I think there's reason enough to be cynical about, well, everything, given the current political climate. We have a president who asks a foreign government to influence the election and people who defend it, people treat science as if it were something to believe in and seemingly everyone who aligns with a faction is a victim. It's exhausting.
But I think that cynicism is the easy way out. It requires no commitment, no action, no accountability, no further conversation. It's a cop out.
Professionally, I've seen this more times than I can count. One gig in particular, I remember a guy who was cynical about everything we asked him to do, as a means to improve the quality of his work and the team's as a whole. He didn't try it, had no alternative suggestions. It's easy to write something off when you don't participate. It's like people who believe that voting doesn't matter. When enough people are apathetic, assholes get elected.
Or look at the completely bizarre backlash by full grown adults against the 16-year-old climate activist, Greta Thunberg. Even if for a moment you think that judging a teenage girl on the autism spectrum is constructive or OK, it's fairly insane to write her off as a self-serving attention whore. I don't even know how you get to be that cynical, let alone forget how everything is a high alert emotional issue when you're 16.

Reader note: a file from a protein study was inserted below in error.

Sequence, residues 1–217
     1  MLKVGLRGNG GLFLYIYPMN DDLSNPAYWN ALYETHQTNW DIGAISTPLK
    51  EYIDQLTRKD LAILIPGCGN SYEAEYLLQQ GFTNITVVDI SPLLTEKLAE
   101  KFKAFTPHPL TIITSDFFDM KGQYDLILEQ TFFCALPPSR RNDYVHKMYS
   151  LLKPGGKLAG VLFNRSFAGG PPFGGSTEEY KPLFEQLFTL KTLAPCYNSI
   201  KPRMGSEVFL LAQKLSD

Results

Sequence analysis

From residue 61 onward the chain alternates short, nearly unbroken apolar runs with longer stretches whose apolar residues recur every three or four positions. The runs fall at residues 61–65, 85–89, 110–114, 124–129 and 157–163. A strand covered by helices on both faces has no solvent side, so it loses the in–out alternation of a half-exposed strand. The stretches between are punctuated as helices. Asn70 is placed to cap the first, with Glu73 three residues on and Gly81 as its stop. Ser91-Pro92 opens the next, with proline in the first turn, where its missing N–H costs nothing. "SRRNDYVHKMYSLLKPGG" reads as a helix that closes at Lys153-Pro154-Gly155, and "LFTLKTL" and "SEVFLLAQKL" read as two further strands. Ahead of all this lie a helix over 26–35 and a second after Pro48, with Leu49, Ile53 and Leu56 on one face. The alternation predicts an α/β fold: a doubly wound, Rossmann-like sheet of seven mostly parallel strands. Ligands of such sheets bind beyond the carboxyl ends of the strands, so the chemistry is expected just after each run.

There aren't many personality traits that really put me off, but cynics are the worst. Mind you, there's a difference between cynicism and healthy skepticism. The latter likely means that you're willing to at least consider a scenario, not blow it off and refuse to engage.
I think it's reasonable with age to become more pragmatic, but also self-aware enough to see that everything is subject to nuance. Most people, it seems, instead get more ingrained in their thinking and shut off themselves to new input. Cynicism is where your open mind goes to die.